Birbal’s Update
May 2018
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Key Updates


Recent Judgements


An award directing transmission of share can be enforced through NCLT against a party which was not a party to the arbitral proceedings: SC


A three-judge bench of Supreme Court, consisting of Chief Justice Dipak Misra, Justice A.M. Khanwilkar and Justice Dr. D.Y. Chandrachud, while deciding whether nominees of the Appellant Company can be bound by the Arbitration Award passed against them in the case of Cheran Properties Limited v. Kasturi and Sons Limited and Ors¸ [Civil Appeal Nos. 10025-10026 of 2017], held that an award directing transmission of share can be enforced through NCLT against a party which was not a party to the arbitral proceedings. In the said case wherein, the party is in question was the nominee company of the Respondent, KC Palanisamy, the Court while emphasizing on group of companies doctrine observed that it is essentially intended to facilitate the fulfilment of a mutually held intent between the parties, where the circumstances indicate that the intent was to bind both signatories and non-signatories. The effort is to find the true essence of business arrangement and to unravel from a layered structure of commercial arrangements, an intent to bind someone who is not formally a signatory but has assumed the obligation to be bound by the actions of signatory’.



Mens Rea or Intentional Breach not an essential element for Levy of Penalty Under Sec. 43A of Competition Act: SC

Supreme Court while delivering a Judgement, in Competition Commission of India vs. Thomas Cook (India) Ltd., observed that the mens rea is an essential element in case of criminal and quasi-criminal liability. Whereas, for imposing penalty in case of a breach of the statutory provision of the civil law, the action may not be mala fide. The apex court while dealing with the factual contentions of the case, also dealt with one of the contentions that for making a company liable under Section 43A of the Competition Act and imposing penalty there is not any requirement of mens rea or intentional breach on the part of the accused company. The bench said, “Section 43A of the Act does not use the expression, “the failure has to be willful or mala fide” for the purpose of imposing the penalty under the said section.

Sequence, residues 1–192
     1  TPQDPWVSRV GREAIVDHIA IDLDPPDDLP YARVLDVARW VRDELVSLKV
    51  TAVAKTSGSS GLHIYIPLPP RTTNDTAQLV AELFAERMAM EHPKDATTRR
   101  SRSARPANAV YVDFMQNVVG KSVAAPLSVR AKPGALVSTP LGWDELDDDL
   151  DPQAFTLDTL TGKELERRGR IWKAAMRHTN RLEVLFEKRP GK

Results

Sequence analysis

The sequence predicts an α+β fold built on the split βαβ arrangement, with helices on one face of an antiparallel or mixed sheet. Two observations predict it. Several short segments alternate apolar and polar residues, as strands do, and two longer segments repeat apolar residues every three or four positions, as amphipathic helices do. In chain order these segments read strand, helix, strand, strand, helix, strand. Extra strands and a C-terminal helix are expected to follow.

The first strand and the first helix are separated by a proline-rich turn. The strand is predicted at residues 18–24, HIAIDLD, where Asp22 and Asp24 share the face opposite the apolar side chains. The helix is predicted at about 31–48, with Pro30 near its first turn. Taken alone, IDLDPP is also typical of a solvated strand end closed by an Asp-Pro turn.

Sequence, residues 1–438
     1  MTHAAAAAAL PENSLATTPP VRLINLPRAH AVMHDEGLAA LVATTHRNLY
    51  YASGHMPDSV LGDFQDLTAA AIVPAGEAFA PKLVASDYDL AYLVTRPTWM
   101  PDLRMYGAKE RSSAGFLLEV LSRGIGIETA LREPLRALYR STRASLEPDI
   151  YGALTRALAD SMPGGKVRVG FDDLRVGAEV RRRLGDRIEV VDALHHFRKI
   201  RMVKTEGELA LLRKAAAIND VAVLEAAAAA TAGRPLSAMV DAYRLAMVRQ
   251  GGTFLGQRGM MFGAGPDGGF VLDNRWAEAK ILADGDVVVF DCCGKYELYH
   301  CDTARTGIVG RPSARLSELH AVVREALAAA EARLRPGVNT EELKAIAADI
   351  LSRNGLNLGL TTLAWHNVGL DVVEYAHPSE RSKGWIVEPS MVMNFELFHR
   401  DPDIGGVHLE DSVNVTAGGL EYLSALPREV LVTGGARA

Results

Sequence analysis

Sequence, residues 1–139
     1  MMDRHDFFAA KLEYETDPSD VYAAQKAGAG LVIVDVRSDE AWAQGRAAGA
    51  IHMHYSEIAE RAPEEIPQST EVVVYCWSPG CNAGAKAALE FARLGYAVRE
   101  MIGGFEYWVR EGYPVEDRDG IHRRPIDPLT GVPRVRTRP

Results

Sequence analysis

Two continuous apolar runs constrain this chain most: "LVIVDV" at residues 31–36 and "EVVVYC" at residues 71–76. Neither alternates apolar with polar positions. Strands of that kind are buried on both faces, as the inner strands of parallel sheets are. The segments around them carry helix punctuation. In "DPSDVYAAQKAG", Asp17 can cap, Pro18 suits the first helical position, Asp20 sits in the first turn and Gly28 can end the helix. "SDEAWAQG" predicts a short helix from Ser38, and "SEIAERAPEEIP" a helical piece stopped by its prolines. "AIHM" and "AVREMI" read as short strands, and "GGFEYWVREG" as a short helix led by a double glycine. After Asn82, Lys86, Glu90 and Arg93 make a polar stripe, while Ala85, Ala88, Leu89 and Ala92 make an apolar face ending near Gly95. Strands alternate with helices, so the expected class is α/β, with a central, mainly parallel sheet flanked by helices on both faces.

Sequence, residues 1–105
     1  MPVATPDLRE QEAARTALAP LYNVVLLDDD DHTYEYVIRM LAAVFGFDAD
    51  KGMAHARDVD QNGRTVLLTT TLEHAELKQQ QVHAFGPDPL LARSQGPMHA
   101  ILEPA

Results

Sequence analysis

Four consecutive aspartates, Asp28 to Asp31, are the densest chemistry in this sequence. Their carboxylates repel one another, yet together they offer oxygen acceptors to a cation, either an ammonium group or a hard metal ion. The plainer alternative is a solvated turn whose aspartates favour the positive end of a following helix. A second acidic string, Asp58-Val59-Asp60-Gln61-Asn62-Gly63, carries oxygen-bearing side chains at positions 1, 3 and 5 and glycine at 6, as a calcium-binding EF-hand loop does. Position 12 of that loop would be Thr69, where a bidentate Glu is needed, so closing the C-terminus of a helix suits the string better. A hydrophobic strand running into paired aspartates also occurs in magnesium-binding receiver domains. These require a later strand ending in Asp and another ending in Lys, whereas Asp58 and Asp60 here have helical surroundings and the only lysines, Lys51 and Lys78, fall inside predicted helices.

Policy Updates



SEBI specifies uniform structure for imposing fines


SEBI vide circular no. SEBI/HO/CFD/CMD/CIR/P/2018/77 dated 03.05.2018, to streamline the process, to maintain consistency and to adopt a uniform approach in the matter of levy of fines for non-compliance with certain provisions of the Listing Regulations, the manner of suspension of trading of securities of a listed entity and the manner of freezing the holdings of the promoter and promoter group of a non-compliant listed entity, listed out the actions which the stock exchange shall take in case of non-compliances with the Listing Regulation in Annexure I of the Circular. Further, it also listed out the Standard Operating Procedure (SOP) for suspension and revocation of trading of specified securities in Annexure II if the Circular, which the stock exchanges shall follow having regard to the interests of investors and the securities market. The aforesaid Circular shall come into force with effect from compliance periods ending on or after September 30, 2018.


Companies (Share Capital and Debentures) Amendment Rules, 2018


The Department of Ministry of Corporate Affairs vide Notification [G.S.R. 363(E)] dated 10.04.2018 has amended the Companies (Share Capital and Debentures) Rules, 2014. The said Notification substitutes Rule 5, sub-rule (3). According to the said amendment, every certificate shall specify the shares to which it relates and the amount paid up thereon and shall be signed by two directors or by a director and the company secretary, wherever the company has appointed a company secretary. Provided that, in case the company has a common seal it shall be affixed in the presence of persons required to sign the certificate. The Notification further clarified that wherein it states that in case of One Person Company it shall be sufficient if the certificate is signed by a director and the company secretary or other person authorised by the Board for the purpose and a director shall be deemed to have signed the share certificate if his signature is printed thereon as facsimile signature by means of any machine or equipment but not by means of rubber stamp provided that the director is personally responsible for permitting the affixation of his signature and safe custody of the respective material used for the purpose.



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